Tony screamed.

Everyone looked up.

Boston ran faster than the rest.

“No, it’s all right.  It’s all right,” Tony repeated.  “I came to check on Ghost, and it was just a squirrel, or bird, or something—normal size.  It just startled me.”

“Too much stress,” Boston said, and looked at the others to see if anyone disagreed.

“I have been worried and anxious of late,” Tony said, softly, and he lowered and shook his head.

People went back to lunch looking a bit more sober, but Elder Stow and Decker noticed they did not hurry lunch, or hurry to get into town after lunch.  Boston resumed her seat and wondered if her uneasiness might be because she finally started feeling like a true elf and got stuck, now, around so many clunky, mortal, humans.

Avalon 6.7 Yeti, part 2 of 4

The following morning, the clouds closed in again, and by noon, it started raining, a cold, soaking kind of rain; the kind to put everyone out of sorts.  Elder Stow and Decker stayed in close, given the rough terrain, and even Boston and Sukki did not straggle far behind.

By noon, everyone felt miserable; but Evan reminded them of the monastery up ahead, and when Elder Stow claimed the small dot on his scanner might indicate human habitation, they all felt a little better.  They hurried lunch, but would have hurried it in the rain in any case.

Around two that afternoon, the rain turned into a deep mist-like fog that limited their visibility.  Decker and Elder Stow moved in closer on the flanks. Ears opened, and talk came in whispers, until Boston shouted, “Hush.”  She stopped moving, and Sukki stopped with her.  Lockhart clearly did not want to stop in the open, out in the rain, but he did.  Elder Stow and Decker came all the way from the flanks.  “Hush,” Boston repeated.  She pointed to the woods up ahead, but off the line they traveled, to their right, and down a gentle hill.

Everyone heard.  It sounded faint, in the distance.  A barely audible, Boom, Boom.

“Sounds like someone has a big club,” Lincoln said.

“What are they hitting?  Drums?” Evan asked.

“Trees, I think,” Alexis answered.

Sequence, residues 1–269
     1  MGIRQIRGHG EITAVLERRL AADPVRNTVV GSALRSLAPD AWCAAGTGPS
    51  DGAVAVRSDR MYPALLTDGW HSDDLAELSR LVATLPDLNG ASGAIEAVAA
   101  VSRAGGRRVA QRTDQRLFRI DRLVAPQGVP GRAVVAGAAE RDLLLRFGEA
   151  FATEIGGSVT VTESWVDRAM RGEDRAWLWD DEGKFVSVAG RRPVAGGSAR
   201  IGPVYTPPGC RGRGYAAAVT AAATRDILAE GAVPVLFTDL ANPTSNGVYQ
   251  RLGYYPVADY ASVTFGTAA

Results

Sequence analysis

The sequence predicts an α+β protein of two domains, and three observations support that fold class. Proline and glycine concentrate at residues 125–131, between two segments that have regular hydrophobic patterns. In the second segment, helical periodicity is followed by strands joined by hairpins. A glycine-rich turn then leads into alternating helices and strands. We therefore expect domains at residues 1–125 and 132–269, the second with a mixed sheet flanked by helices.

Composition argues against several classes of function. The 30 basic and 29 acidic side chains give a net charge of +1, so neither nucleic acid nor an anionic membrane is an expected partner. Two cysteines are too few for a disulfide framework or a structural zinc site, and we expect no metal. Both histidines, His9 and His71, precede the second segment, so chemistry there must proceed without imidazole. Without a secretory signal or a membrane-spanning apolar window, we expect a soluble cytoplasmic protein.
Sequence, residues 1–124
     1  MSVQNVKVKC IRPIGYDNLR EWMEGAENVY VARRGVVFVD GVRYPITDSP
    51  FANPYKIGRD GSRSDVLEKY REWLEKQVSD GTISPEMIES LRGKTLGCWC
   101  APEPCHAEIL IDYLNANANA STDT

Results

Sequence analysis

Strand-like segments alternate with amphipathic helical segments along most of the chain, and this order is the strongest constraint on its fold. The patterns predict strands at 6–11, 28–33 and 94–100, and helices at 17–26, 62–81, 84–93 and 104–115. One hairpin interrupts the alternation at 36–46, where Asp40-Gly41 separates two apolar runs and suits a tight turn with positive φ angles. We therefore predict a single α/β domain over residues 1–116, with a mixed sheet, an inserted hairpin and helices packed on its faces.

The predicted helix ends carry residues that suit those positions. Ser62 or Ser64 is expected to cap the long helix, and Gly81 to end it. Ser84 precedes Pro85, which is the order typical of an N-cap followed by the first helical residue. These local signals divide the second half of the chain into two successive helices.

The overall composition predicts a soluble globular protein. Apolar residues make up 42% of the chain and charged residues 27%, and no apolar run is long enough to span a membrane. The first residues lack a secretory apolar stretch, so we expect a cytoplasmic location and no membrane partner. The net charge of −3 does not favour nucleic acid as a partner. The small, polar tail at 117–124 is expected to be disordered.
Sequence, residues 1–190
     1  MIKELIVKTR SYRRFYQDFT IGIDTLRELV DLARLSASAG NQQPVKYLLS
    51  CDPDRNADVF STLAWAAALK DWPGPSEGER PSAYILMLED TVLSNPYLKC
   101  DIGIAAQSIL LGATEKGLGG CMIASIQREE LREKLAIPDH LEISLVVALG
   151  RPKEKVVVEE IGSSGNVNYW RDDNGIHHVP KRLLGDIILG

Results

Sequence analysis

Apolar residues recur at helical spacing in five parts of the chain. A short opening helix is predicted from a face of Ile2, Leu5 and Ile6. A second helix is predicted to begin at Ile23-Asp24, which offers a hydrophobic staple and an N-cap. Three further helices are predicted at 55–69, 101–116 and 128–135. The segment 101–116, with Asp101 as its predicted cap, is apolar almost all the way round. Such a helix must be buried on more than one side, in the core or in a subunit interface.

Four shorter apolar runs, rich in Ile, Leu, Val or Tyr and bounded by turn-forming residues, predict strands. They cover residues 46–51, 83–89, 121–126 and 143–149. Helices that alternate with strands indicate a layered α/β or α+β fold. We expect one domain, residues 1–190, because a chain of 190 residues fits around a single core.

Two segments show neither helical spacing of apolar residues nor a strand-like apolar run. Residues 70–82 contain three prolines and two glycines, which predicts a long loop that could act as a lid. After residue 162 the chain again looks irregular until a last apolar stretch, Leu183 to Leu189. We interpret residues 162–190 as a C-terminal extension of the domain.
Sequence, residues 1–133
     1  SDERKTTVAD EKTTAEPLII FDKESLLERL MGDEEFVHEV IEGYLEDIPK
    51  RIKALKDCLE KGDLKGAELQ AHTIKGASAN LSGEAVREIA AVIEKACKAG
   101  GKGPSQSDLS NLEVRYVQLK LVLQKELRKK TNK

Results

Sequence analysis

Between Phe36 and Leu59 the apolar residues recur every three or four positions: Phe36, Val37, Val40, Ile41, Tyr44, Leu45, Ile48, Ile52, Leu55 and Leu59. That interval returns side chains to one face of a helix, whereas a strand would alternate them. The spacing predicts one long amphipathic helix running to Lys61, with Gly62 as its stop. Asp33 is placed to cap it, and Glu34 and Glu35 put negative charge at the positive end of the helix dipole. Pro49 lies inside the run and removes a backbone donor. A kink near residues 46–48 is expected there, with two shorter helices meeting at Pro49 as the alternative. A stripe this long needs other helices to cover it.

Katie closed her eyes for a second, and stretched her hand out toward the sound.  “I sense no danger to us from that direction.”

“Your Yeti?” Sukki quietly asked Boston, who shrugged.

Decker spoke sensibly.  “I’m not picking up a pattern.  If it is a message, it may not be for us.”

Lockhart nodded.  “Which way?”

Boston pulled out her amulet and pointed the way they were heading.  Lockhart started them moving again.  As they pushed slowly into the woods, the Boom, Boombecame louder and began to pick up speed.

Very quickly, they came to a stream among the trees.  “Winter runoff,” Lincoln called it.

“Rain melted snow from further uphill,” Alexis agreed.

“Woah,” Lockhart shouted and stopped. A hill, hidden by the fog, rose up before them.  It looked almost steep enough to be a cliff.

Boom-boom-boom-boom... The drumming became very fast, like someone banging between two trees. Katie closed her eyes again and faced the sound.  Lockhart got ready to cross the stream, but waited for Katie.  He watched as her eyes sprang open.

“It’s a warning,” she said.  “Back to the meadow,” she yelled and swung her horse around.  “Hurry,” she added, as the ground began to tremble. The others started more slowly, but sped up by the time they heard the rumbling on the hill.  The hillside gave way.  Hugh chunks of mud and boulders rushed to the forest below.  Bushes were crushed, and saplings snapped.  Big, old trees cracked and fell over.  The stream got blocked and had to find a new path. Horses and riders burst from the woods as the rumbling stopped.  The mudslide stopped at the edge of the forest.

“Everyone here?” Lockhart yelled over the din of voices.  Everyone was, though they all looked rather shaken.  “Which way?” Lockhart asked again, wanting to get out of that area, just to be safe.

Katie and Boston both pointed toward the Boom, Boom, which had once again slowed and sounded more distant.

“Warning?” Lincoln asked, having heard that word.  Katie nodded.

“We would have had to go around that hill in any case,” Lockhart said.

“I would go the opposite way,” Decker said, softly.

“I think we are outvoted,” Elder Stow said more loudly, but only because Gott-Druk are not good at whispering.

The travelers gave the hill a wide berth, and came down into a valley where a small river ran, no doubt made up of many small streams.  The rain stopped and the mist cleared off about the time they found an acceptable campsite.

The booming had long since stopped, but this time no one jumped when Boston said, “Yeti,” and pointed up river. Some eyes turned in that direction, though of course, they did not see anything.

“Thank you.”  Alexis thought to shout that out, just before Boston said, “Gone.”

“Do you think they could be like the fauns, slipping into another universe?” Decker asked.

“No,” Elder Stow said.  He sat frowning and shaking his head at his scanner. “I have adjusted the scanner to pick up any such thing, like movement out of the world altogether, like a hole in the world to another dimension, or something.  No.  I’m catching glimpses, but having trouble picking up the Yeti, or whatever it is, even when it is there.  I have no way of knowing where it goes.”